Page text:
How often we hear the phrase, the “old Jewish Sabbath.” Yet Scripture is clear that the Sabbath existed long before there were any Jewish people. Its origin is found in the Creation week itself.
Look up Genesis 2:2-3 and Exodus 20:11. Where do they clearly, and unambiguously, place the origin of the Sabbath?
Although Genesis 2:2-3 does not identify the “seventh day” as the Sabbath (this identification comes first in Exodus 16:26, Exodus 16:29), it is clearly suggested in the phrase “he rested on the seventh day” (Genesis 2:2). The word rested (Hebrew, shabat) is related to the noun Sabbath (Hebrew, shabbat). “The word ‘sabbath’ is not employed [in Genesis 2:2-3], but it is certain that the author meant to assert that God blessed and hallowed the seventh day as the Sabbath.” — G. F. Waterman, The Zondervan Pictorial Encyclopedia of the Bible (Grand Rapids, MI: Zondervan Publishing House, 1975), vol. 5, p. 183. Evidently, Genesis 2:2-3 teaches the divine origin and institution of the Sabbath as a day of blessing for all humanity.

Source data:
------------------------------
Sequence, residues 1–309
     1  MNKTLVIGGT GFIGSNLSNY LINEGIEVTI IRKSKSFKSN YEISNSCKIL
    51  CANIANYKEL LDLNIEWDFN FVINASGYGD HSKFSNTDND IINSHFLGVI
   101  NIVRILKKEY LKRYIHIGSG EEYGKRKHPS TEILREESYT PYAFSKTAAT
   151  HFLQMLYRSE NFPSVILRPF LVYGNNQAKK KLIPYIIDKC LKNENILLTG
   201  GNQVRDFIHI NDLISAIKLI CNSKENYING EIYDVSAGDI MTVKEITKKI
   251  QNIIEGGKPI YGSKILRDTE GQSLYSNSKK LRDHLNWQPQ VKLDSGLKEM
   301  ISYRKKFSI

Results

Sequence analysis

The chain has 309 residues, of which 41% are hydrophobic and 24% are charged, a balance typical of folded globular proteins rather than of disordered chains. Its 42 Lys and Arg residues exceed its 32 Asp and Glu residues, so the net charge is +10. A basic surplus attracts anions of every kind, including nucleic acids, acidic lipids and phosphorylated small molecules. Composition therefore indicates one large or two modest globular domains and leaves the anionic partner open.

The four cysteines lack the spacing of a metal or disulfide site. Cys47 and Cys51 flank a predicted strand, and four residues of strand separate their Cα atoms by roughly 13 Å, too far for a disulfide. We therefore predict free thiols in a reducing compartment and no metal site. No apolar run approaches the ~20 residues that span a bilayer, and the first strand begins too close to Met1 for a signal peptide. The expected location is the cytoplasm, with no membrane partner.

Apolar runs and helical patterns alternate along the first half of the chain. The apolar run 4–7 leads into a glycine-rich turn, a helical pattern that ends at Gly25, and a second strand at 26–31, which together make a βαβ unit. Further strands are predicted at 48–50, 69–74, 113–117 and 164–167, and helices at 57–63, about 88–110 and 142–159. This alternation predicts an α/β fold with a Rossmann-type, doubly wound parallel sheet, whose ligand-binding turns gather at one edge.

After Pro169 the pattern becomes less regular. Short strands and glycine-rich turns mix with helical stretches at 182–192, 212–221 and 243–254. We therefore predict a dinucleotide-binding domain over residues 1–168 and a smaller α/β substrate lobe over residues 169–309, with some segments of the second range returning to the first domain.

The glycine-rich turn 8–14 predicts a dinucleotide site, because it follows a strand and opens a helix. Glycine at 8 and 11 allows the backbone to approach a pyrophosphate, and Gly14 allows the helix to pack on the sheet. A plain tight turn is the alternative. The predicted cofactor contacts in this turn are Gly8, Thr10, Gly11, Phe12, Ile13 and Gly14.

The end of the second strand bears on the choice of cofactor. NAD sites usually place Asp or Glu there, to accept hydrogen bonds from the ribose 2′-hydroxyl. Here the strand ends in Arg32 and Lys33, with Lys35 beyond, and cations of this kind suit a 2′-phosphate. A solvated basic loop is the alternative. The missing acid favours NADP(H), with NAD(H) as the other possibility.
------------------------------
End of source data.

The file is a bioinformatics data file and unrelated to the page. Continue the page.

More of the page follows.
Read Mark 2:27. Jesus says that Sabbath was made for, literally, “man,” meaning humanity as a whole, as opposed to the Jews alone. Why would God Himself rest on the seventh day? Did He need it? What other purpose might His resting have served?
Although some commentators have suggested that God needed physical rest after Creation, the true purpose for God’s resting was to provide a divine Example for humanity. Humankind also is to work for six days and then to rest on the seventh-day Sabbath. Theologian Karl Barth suggested that God’s resting at the end of Creation was a part of the “covenant of grace,” in which humankind was invited “to rest with Him … to participate in [God’s] rest.” — Church Dogmatics, vol. 3, part 1 (Edinburgh, Scotland: T&T Clark Ltd., 1958), p. 98.
God in His love called the man and the woman on the day after their creation to fellowship in rest, to establish intimate communion with Him, in whose image they had been made. That fellowship and communion was to last forever. Since the fall of humankind, it has offered a weekly high point of one’s life with the Savior.
|If someone were to ask you, How has keeping the Sabbath benefited your relationship with the Lord, how would you respond?|